Development and Application of a Soil Phosphorus Sensitivity Map for a Lake Simcoe Watershed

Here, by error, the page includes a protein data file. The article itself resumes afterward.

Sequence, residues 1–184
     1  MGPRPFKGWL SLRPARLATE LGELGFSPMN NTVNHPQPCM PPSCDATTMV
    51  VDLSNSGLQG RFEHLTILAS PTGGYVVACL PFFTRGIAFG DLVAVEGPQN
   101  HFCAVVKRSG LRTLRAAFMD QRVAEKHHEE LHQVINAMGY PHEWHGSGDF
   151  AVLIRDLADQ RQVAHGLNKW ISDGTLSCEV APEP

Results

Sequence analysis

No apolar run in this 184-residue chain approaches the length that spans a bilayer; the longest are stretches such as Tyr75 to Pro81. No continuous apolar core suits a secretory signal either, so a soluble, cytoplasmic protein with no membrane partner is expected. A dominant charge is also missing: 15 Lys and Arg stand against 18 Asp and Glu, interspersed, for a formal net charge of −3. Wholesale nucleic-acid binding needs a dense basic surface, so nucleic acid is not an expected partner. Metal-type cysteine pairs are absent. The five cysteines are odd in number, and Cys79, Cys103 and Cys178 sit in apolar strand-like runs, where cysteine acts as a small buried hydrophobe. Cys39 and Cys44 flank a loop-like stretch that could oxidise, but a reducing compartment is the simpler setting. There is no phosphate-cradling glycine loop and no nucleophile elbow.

Agricultural non-point source phosphorus (P) loading to tributaries is a significant mechanism for the eutrophication of Lake Simcoe. This thesis is an investigation of P chemistry in agricultural soils of the Maskinonge river watershed to identify critical source areas where remedial efforts can be targeted. Soil assemblage models were developed to predict P adsorption to charged soil minerals; proton- and P-binding constants of four clay samples were determined by potentiometric titration and batch adsorption experiments respectively. Binding constants of goethite were obtained from the literature. The models were translated to the landscape by means of the digitized legacy soil map of York County. The model-predicted P adsorption capacities of the mapped soils were categorized into a five-level P adsorption/risk index. The index ratings were applied to the soil map, creating a soil P sensitivity map for the Maskinonge watershed.